Arakelian agreed to the terms of the Retention Bonus Agreement and signed the letter on August 31, 2006. (Id.) She also signed a Restrictive Covenants Agreement which states that it is governed by New York law. (Restrictive Covenants Agreement ¶ 7, Scher Decl., Ex. B.) The "Non-competition" and "Nonsolicitation" provisions of the Restrictive Covenants Agreement both apply to Arakelian for a period of twenty-four months following the termination of her employment. (Id. ¶¶ 2-3.) Pursuant to the Non-competition provision ("Non-Compete Provision"), Arakelian is barred from competing with Omnicare anywhere in the continental United States. (Id. ¶ 2.) The Nonsolicitation provision ("Non-Solicit Provision") forbids Arakelian from soliciting any of Omnicare's clients or employees. (Id. ¶ 3.) The Restrictive Covenants Agreement also contains a "Nondisclosure of Confidential Information" provision ("Nondisclosure Provision") which prohibits Arakelian from disclosing Omnicare's confidential business information. (Id. ¶ 1.)

Omnicare's Vacation/Sick Day/Holiday Pay Policy ("Vacation Policy") was in effect when it acquired NeighborCare in July, 2005. (Vacation Policy at 1, Henderson Aff., Ex. A.) On January 1, 2007, Omnicare amended the Vacation Policy. (Id.) As amended, the Vacation Policy applies to all full time employees and provides that employees who have completed less than five years of service are entitled to a maximum of eighty hours of vacation time per year. (Id. § I(A)-(B).) Employees covered by the Vacation Policy earn vacation time on a per pay period basis. (Id. § I(A).) Arakelian, who was paid bi-weekly, requested seven days of vacation from her supervisor at Omnicare in March, 2009. (Henderson Declaration dated November 30, 2009 ("Henderson Decl.") ¶ 8, 10.) As evidenced by the Paid-Time-Off Request Form ("Vacation Request Form") submitted by Omnicare, Arakelian's request for vacation time was approved by her supervisor on March 27, 2009. (Vacation Request Form, Henderson Decl., Ex. 1.)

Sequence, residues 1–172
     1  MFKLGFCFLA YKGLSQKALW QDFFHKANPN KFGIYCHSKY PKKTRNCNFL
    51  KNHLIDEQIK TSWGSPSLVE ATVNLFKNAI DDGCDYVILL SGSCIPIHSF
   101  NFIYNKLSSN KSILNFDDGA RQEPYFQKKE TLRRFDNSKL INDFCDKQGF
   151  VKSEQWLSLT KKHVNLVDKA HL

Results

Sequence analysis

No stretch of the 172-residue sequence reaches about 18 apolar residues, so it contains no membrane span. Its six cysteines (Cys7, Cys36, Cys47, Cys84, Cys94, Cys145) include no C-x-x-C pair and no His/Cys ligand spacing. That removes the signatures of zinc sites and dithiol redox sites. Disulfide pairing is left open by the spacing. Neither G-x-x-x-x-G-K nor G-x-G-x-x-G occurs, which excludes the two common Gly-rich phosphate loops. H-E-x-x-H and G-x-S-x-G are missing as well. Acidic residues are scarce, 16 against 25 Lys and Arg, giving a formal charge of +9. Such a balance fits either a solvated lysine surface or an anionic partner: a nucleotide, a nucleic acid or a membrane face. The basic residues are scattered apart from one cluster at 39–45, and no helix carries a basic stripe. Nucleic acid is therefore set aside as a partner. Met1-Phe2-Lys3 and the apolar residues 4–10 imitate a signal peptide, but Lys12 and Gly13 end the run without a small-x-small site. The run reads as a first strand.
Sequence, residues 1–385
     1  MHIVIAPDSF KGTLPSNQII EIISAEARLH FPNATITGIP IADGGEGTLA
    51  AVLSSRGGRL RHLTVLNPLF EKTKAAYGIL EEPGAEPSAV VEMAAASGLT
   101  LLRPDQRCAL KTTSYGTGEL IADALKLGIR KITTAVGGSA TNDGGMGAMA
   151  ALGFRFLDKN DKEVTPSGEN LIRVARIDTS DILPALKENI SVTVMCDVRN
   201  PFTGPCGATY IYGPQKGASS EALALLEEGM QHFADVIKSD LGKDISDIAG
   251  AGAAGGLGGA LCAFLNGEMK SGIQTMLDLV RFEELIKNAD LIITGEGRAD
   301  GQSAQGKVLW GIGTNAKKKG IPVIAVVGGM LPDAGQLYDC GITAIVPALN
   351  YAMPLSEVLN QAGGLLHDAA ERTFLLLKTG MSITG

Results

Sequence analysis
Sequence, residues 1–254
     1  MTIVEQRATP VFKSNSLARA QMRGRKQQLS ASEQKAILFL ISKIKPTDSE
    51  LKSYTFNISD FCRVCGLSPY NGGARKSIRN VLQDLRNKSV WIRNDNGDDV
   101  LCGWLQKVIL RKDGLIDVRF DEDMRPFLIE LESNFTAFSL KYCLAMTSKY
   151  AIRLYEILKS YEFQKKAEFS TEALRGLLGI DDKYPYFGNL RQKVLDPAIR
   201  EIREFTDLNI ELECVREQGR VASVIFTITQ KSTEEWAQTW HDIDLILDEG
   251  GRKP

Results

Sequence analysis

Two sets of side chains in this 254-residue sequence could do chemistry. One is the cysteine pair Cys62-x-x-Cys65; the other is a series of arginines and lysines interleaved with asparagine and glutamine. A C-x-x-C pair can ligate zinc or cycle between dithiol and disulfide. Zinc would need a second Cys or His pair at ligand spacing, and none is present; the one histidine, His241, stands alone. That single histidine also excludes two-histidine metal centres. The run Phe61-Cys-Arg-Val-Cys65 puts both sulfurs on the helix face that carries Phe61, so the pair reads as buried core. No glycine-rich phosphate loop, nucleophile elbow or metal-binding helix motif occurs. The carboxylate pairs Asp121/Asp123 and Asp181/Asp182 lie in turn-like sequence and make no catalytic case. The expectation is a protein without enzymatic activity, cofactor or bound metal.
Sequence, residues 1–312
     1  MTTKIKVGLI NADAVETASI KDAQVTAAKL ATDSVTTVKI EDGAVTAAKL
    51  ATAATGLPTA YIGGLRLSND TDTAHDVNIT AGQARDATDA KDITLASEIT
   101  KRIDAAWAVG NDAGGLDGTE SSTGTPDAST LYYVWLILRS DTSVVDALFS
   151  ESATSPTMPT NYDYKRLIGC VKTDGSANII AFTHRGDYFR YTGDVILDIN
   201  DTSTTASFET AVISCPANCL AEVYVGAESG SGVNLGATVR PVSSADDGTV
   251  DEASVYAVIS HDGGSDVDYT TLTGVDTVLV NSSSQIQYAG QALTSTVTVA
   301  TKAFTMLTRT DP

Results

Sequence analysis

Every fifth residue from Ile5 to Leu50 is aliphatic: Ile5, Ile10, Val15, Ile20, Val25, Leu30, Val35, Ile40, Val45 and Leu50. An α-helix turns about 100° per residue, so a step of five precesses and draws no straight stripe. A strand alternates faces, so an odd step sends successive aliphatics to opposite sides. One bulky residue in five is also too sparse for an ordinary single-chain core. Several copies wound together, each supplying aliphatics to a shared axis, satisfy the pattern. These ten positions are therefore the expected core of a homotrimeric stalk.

Arakelian's employment with Omnicare was terminated without cause on May 12, 2009. (Plaintiff's Rule 56.1 Statement ("Pl's Rule 56.1 Statement") ¶¶ 14-15; Defendant's Response to Pl's Rule 56.1 Statement ("Def's Rule 56.1 Resp.") ¶¶ 14-15.) Omnicare offered to pay Arakelian severance equal to six months of her base salary, if she complied with the requirements of the Severance Pay Plan and executed a Confidential Separation Agreement and General Release ("Separation Agreement"). (Finn Aff. ¶ 14; Separation Agreement, Finn Aff., Ex.A.) Believing that she was entitled to nine months of severance under the terms of the Offer Letter, Arakelian rejected Omnicare's offer and refused to sign the Separation Agreement. (Arakelian Decl. ¶ 8; Finn Aff. ¶ 14.) In light of Arakelian's refusal to sign the Separation Agreement, Omnicare did not pay her severance benefits. (Finn Aff. ¶ 16.)

When her employment ended, Arakelian's annual salary was $180,000 and her medical benefits were worth $495 per month. (Compl. ¶14; Ans. ¶ 14; Arakelian Decl. ¶ 8; Henderson Decl. ¶ 8.)*fn4 In her affidavit, Arakelian states that she accrued fifteen vacation days prior to her termination and that Omnicare never reimbursed her for this unused vacation time. (Arakelian Aff. ΒΆ 8.) She values the fifteen days of vacation at $24,545, (id.), but the basis and method of calculation is not specified. Further, Arakelian's valuation of her unused vacation time ...